The panellists also explored the relationship between extremist views and social media, which can provide an echo chamber that serves to confirm people’s existing biases.
Studies have shown the internet can help entrench extremist values, said Vivek Venkatesh, an education professor at Concordia University.
People who subscribe to extremist views increasingly turn to “fringe media” instead of taking in news from traditional sources, said David Morin, a national security expert with Sherbrook University, who spoke at the panel in French.
He said “self-made journalists” associated with those fringe outlets were present in Ottawa during the convoy protest, and produced “alternative information” for viewers.
For example, Morin said some alternative media sources reported that hundreds of thousands of protesters attended the Ottawa demonstration, when police reports show the true number was far lower.
The inquiry is on a tight timeline to complete its work, with Rouleau expected to submit final recommendations to Parliament at the beginning of February.
Another panel on the flow of essential goods and services, critical infrastructure and trade corridors was scheduled for Tuesday afternoon.
This report by The Canadian Press was first published Nov. 29, 2022.
U.S., European media outlets urge end to prosecution of Julian Assange
The United States should end its prosecution of Julian Assange, leading media outlets from the United States and Europe that had collaborated with the WikiLeaks founder said on Monday, citing press freedom concerns.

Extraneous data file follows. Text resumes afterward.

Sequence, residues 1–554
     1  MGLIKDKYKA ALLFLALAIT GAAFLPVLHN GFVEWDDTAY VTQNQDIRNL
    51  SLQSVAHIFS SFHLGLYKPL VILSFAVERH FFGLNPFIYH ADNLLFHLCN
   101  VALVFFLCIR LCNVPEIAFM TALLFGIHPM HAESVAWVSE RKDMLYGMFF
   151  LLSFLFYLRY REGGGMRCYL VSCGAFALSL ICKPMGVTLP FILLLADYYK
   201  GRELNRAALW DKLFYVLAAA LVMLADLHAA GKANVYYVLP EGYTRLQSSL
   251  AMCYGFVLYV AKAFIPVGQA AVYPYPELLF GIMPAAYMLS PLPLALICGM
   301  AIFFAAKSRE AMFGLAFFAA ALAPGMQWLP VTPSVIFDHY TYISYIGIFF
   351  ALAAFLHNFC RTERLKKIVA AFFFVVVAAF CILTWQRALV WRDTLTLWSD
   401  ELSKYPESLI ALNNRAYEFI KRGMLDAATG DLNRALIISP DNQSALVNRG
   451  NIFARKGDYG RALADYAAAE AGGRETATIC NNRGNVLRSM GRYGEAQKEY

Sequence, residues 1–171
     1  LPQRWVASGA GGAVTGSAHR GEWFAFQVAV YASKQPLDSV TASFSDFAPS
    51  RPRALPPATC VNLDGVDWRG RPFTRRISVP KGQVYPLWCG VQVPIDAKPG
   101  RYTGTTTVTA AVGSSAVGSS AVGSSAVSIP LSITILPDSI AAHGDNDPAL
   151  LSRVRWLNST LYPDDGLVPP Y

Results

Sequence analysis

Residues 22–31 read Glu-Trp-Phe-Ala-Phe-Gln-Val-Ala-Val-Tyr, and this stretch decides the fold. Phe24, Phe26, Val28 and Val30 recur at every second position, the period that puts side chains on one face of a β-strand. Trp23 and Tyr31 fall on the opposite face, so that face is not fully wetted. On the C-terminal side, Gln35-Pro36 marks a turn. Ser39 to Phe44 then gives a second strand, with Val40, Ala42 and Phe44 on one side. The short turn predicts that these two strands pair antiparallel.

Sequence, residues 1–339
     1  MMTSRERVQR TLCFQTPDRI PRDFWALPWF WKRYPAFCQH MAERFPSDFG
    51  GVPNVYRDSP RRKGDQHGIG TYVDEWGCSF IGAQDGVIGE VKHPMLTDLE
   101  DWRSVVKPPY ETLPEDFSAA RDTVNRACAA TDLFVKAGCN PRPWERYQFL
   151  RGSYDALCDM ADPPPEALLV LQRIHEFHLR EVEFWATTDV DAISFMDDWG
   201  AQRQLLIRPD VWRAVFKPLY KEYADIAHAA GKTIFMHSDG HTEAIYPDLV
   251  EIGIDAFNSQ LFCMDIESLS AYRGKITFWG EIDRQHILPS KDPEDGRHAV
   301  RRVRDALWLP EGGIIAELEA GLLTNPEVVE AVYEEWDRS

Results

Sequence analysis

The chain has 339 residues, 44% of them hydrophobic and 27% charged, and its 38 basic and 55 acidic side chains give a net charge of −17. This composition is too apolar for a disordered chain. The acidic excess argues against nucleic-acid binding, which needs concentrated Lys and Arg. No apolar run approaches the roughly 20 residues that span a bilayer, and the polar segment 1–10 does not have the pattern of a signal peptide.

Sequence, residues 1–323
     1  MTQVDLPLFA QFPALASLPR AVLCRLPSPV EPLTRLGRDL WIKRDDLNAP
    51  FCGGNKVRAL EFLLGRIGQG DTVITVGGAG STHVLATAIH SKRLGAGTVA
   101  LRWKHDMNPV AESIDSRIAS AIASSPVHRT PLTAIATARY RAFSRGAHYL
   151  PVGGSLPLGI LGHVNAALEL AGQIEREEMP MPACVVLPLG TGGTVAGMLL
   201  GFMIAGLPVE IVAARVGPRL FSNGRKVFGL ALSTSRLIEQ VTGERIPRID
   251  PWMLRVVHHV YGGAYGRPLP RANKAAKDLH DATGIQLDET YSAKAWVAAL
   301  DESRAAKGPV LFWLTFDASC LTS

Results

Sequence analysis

“This indictment sets a dangerous precedent, and threatens to undermine America’s First Amendment and the freedom of the press,” editors and publishers of the Guardian, the New York Times, Le Monde, Der Spiegel, and El País said in an open letter.
Assange is wanted by U.S. authorities on 18 counts, including a spying charge, related to WikiLeaks’ release of confidential U.S. military records and diplomatic cables. His supporters say he is an anti-establishment hero who has been victimized because he exposed U.S. wrongdoing, including in conflicts in Afghanistan and Iraq.
Monday marked twelve years since those media outlets collaborated to release excerpts from over 250,000 documents obtained by Assange in the so-called “Cablegate” leak.
The material was leaked to WikiLeaks by the then American soldier Chelsea Manning and revealed the inner workings of U.S. diplomacy around the globe. The documents exposed “corruption, diplomatic scandals and spy affairs on an international scale,” the letter said.
In August, a group of journalists and lawyers sued the CIA and its former director Mike Pompeo over allegations the intelligence agency spied on them when they visited Assange during his stay in Ecuador’s embassy in London.
Assange spent seven years in the embassy before being dragged out and jailed in 2019 for breaching bail conditions. He has remained in prison in London while his extradition case is decided. If extradited to the United States, he faces a sentence of up to 175 years in an American maximum security prison.
His legal team has appealed to the High Court in London to block his extradition in a legal battle that has dragged on for more than a decade.
“Publishing is not a crime,” the media outlets said in their letter on Monday.
Reporting by Kanishka Singh in Washington, Editing by Rosalba O’Brien